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Indian Meal Traditions Rooted in Science

This article is authored by Dr. Shweta U. Shah. A practicing homeopath, she follows a patient-centred perspective, emphasizing the benefits of natural remedies and herbs, homeopathy and whole food nutrition.

The Indian cuisine is one of the most vibrant and aromatic cuisines in the world. Indian food traditions are colorful and exciting! Our meal etiquette is based on ancient traditions and customs, all of which have been substantiated by science. These daily, weekly or even yearly practices lend immense joy and bring us closer to each other.

Each and every one of us has meal traditions with our family and friends, whether we realize it or not. Traditions have a way of making their way in, subtly and sometimes inadvertently; and they develop into something that defines and shapes us!

Food, culture and science!

Eat Breakfast

There is a strong connection between food, culture and science! At a personal level, we grow up eating the food of our culture. We link food from our childhood with love, warm and snug feelings and wonderful memories, and it ties us to our families. On a bigger platform, food is a fundamental and vital component of our culture. Time-honoured traditions and cuisines are passed down from generation to generation. It establishes a powerful cultural identity and is a symbol of our ethnicity. Fascinatingly, our food traditions have robust scientific backing as well!

• Eating with the hands: This Indian custom has its origins in Ayurveda. Our forefathers stated – ‘eating with your hands evokes emotion’! Based on Vedic knowledge, hands are the chief organs of action and every finger represents the 5 elements. The thumb is representative of ether, the index finger represents air, the middle finger is fire, the ring finger for water and the little finger represents earth. When you eat with your fingers, you rouse these 5 elements and this helps stimulate the release of digestive juices within the stomach. Furthermore, the nerve endings at the fingertips pep up digestion, since a signal is sent to the stomach that you are about to eat.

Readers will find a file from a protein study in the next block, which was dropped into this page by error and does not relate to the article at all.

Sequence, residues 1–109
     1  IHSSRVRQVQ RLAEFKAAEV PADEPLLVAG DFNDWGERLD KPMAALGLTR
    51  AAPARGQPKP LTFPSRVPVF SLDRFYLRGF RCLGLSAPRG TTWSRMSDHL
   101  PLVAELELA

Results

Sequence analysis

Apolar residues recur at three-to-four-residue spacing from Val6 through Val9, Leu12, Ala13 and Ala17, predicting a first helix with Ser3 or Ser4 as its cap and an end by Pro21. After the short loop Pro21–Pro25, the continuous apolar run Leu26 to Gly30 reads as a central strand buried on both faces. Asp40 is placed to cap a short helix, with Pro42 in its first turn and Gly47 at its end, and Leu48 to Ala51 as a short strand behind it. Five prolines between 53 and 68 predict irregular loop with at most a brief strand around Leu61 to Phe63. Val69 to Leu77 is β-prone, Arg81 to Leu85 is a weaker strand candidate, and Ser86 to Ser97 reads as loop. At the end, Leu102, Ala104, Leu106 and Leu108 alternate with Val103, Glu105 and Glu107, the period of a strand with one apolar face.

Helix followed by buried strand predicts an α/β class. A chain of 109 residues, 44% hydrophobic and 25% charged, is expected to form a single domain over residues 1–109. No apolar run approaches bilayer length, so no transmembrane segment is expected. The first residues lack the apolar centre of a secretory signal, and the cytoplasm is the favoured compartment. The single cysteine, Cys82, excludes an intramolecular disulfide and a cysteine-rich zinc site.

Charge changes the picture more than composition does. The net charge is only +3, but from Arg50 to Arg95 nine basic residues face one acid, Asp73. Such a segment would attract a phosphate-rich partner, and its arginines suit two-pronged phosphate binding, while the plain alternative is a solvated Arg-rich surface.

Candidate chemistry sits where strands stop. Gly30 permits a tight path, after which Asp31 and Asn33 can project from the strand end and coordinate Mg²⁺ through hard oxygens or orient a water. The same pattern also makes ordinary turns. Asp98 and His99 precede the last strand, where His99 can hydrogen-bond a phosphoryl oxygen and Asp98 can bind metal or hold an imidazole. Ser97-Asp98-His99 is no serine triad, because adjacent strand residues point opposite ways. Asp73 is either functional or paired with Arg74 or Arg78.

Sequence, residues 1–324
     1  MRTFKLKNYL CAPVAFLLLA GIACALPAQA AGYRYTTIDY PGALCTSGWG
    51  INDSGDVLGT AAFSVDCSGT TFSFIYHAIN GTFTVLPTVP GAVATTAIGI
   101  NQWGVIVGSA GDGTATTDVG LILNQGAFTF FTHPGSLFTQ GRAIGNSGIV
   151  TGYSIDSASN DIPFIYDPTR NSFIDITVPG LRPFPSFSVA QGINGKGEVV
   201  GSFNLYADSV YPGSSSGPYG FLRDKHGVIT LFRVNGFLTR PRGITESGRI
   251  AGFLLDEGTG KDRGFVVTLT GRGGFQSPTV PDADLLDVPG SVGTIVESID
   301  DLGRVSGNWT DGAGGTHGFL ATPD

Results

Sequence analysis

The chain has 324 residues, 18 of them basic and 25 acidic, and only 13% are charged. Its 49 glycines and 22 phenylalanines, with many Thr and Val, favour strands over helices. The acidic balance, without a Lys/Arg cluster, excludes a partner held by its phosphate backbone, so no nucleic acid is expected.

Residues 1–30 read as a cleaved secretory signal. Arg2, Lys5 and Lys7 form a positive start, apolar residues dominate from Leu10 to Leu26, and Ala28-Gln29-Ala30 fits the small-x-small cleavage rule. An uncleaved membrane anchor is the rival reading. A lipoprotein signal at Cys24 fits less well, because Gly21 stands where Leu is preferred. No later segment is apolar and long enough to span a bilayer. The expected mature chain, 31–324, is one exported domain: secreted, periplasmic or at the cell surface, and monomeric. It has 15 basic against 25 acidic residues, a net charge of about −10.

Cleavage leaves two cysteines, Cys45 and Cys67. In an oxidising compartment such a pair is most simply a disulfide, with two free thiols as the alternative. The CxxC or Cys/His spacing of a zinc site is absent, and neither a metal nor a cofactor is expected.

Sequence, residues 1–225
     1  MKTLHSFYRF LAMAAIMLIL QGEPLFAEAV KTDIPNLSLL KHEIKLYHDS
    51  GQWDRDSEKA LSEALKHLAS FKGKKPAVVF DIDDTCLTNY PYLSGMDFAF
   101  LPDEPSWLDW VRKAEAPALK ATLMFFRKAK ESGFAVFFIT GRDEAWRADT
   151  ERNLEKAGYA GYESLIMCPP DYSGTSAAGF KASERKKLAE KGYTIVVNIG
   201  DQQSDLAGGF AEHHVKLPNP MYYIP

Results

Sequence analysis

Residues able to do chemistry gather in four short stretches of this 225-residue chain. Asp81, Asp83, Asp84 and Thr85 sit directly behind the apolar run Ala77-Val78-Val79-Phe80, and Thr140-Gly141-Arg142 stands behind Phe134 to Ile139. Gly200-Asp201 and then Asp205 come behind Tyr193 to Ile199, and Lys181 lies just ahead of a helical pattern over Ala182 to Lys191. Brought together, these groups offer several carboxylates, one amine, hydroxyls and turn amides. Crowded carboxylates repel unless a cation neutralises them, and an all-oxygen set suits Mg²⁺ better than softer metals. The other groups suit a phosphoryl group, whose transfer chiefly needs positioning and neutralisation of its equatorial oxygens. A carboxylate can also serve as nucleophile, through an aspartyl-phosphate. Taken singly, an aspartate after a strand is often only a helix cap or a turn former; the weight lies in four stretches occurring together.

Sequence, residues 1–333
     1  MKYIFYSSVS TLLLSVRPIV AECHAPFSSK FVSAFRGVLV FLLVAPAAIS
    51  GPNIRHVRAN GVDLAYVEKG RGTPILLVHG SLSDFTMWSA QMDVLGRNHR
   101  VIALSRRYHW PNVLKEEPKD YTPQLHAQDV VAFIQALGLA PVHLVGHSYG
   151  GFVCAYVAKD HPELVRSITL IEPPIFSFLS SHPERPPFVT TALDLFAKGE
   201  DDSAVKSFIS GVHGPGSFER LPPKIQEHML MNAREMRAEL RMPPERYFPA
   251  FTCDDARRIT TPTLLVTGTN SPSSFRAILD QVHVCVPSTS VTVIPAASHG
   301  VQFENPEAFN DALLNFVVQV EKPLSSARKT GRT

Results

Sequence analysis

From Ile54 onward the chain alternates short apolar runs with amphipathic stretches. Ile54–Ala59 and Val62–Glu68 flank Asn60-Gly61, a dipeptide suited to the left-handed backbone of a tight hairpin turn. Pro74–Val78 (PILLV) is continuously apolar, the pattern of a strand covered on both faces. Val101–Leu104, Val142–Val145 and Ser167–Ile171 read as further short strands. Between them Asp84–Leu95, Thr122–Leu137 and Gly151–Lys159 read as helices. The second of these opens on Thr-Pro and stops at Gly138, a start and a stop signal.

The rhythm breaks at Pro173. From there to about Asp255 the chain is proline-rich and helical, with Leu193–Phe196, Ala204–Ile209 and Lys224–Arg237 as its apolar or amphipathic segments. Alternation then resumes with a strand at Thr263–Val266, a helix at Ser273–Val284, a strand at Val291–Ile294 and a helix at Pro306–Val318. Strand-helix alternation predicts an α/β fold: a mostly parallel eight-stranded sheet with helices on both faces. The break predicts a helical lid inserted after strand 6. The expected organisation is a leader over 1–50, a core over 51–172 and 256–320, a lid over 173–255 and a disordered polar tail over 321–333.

• Eating on the floor: This practice is rooted in science and is greatly advocated because the repeated bending of the spine to eat every morsel of food, boosts digestion, improves blood circulation and perks up metabolism.

• Serving food on banana leaves: Radish Eating food on a banana leaf is believed to be very healthy by the South Indians. When you place hot food on the banana leaf, several nutrients are emitted from it which enhance your food. Banana leaves are packed with polyphenols, which are powerful antioxidants. Additionally, the leaf lends oodles of flavour and aroma to the food as well.

• The traditional ‘thali’: The Indian Thali is without a doubt much-loved and absolutely legendary! It makes for a wholesome, full meal and is found along the length and breadth of the country. Complete with yummy vegetable gravies, delectable curries, dals, roti, rice, farsan, pickle and sweets - it defines the Indian meal. The thali offers a scientific approach to nutrition and comprises of all the components in the food pyramid. Well balanced and lip-smacking - variety at its very best!

• Paan: A significant aspect of the Indian meal is how we end it. At the conclusion of the meal, we have paan! Fresh leaves of the betel plant are wrapped around aromats - anise seeds, fennel seeds, and gulkand. This cleanses the palate after the meal and promotes good digestion as well.

Traditions provide meaning to our meals, as well as to our life. Life can be rather erratic and continuously changing, and traditions present stability. Interesting, meal traditions are very important because nothing brings people closer than good food!



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